FoIP And T.38 Faxing

  • Thu, 02/26/2015 - 00:33 by aatif

We usually know fax as the transmission of text or image over telephone lines, a specific number is associated with the fax machine. Fax machine scans the original text or image and convert it to a bitmap. After converting, these text and images are sent through electrical signals using telephone lines. On the other hand, the receiver of this electrical signal is a fax machine which again reconverts it into text and images.

Advancement in technology has also affected faxing methodology. FoIP (Fax over Internet Protocol) has changed the way of transmission of fax over telephone lines to the internet. FoIP is a method of sending and receiving fax over a VoIP network. Working of FoIP is the same as voice over internet protocol (VoIP). If you know how VoIP is initiated then you know FoIP as well. The difference between these two is just that FoIP uses data protocol whereas VoIP uses voice codec. In this method, fax is transmitted via IP packets rather than analog telephone lines which send signals. FoIP is an economical method of fax broadcasting or transmission as compare to old telephone lines. FoIP provides low long-distance costs and eliminates the cost of PBX maintenance. By using hardware visualization the cost of hardware dependency is reduced.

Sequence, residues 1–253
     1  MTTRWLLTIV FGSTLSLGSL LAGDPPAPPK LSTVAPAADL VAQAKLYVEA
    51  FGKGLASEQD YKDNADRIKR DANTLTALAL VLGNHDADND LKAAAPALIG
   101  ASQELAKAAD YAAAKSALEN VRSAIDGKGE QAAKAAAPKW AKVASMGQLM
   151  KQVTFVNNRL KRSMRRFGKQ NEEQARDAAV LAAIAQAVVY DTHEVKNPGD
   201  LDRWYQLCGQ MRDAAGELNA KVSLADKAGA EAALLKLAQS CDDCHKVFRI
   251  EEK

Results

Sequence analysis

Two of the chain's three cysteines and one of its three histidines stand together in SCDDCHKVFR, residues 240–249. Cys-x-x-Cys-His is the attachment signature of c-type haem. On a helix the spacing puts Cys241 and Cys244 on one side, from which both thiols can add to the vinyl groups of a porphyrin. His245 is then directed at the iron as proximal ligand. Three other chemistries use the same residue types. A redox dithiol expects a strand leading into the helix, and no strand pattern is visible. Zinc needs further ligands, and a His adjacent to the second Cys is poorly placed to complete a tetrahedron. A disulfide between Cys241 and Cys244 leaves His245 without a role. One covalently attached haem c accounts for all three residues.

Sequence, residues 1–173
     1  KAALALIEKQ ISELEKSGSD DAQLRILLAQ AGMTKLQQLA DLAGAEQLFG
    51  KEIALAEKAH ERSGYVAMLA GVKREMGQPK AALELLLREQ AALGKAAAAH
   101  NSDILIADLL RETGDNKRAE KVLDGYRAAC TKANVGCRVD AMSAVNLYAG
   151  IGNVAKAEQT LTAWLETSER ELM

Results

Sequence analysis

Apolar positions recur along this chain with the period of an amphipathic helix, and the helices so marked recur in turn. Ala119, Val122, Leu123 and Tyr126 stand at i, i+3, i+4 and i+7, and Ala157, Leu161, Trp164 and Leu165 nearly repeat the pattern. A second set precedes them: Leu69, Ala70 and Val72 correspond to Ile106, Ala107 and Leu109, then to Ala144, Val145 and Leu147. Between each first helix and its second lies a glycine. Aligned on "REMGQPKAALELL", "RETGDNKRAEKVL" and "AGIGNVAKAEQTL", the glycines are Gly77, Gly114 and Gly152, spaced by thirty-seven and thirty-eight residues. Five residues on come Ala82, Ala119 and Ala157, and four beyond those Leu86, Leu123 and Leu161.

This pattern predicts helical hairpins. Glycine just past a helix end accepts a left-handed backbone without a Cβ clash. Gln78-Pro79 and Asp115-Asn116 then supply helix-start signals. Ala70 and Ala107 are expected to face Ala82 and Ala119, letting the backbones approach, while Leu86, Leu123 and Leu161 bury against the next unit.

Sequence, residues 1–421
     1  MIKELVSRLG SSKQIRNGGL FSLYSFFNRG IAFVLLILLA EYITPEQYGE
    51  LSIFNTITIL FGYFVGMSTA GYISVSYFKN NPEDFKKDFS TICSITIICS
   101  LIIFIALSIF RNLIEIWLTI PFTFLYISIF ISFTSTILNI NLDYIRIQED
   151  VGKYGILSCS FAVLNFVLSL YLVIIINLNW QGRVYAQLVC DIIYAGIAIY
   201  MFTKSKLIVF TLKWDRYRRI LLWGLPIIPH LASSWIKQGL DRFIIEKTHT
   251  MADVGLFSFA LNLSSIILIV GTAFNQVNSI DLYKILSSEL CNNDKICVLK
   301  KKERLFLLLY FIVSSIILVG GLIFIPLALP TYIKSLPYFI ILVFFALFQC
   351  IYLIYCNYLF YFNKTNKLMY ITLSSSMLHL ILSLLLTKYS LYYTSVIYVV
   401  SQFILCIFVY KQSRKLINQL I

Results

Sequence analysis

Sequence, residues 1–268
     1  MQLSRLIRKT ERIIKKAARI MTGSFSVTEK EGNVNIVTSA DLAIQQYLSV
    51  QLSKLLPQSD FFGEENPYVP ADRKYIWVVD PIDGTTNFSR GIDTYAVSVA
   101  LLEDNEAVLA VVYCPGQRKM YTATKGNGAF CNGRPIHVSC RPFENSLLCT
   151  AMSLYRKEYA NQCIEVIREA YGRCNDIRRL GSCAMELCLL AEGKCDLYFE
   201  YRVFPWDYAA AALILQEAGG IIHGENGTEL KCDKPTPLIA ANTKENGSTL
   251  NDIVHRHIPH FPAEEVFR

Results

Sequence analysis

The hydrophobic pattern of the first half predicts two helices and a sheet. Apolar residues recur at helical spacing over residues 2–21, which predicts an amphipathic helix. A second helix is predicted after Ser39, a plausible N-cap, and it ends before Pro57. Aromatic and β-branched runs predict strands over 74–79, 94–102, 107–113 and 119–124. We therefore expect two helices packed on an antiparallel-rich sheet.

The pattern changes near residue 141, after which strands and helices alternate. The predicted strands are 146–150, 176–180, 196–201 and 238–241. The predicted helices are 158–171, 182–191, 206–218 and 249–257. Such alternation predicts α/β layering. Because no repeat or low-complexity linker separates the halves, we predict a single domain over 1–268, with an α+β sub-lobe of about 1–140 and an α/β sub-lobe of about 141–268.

T.38 is a real-time faxing over Internet Protocol. T.38 is designed in such a way that it works like traditional faxing. T.38 fax gateway is used for reliable and quality fax transmission over the IP network and also for PSTN fax transmission. VoIP connections are not strongly used for a fax modem. Most of them use low bit codec which cannot accurately transmit the modem signal. In the case of a high bit rate codec mostly VoIP connection disconnect and arise time adjustment issues which are not bearable for modem. When we talk about the LAN, the disconnection ratio is low but time adjustment makes modem unreliable which happens in VoIP. In T.38 basic problems exist like packet loss, delay rate high, time adjustment and jitter, and poor networking performance.